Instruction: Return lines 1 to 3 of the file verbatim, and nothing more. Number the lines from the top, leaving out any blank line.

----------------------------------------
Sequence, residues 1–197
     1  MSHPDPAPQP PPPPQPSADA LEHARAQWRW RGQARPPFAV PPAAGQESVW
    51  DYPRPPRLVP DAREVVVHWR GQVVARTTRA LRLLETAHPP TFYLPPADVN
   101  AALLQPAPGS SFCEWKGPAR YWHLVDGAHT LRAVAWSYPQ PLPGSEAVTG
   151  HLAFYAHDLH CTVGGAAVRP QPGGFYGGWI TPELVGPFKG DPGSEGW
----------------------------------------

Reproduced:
Sequence, residues 1–197
     1  MSHPDPAPQP PPPPQPSADA LEHARAQWRW RGQARPPFAV PPAAGQESVW
    51  DYPRPPRLVP DAREVVVHWR GQVVARTTRA LRLLETAHPP TFYLPPADVN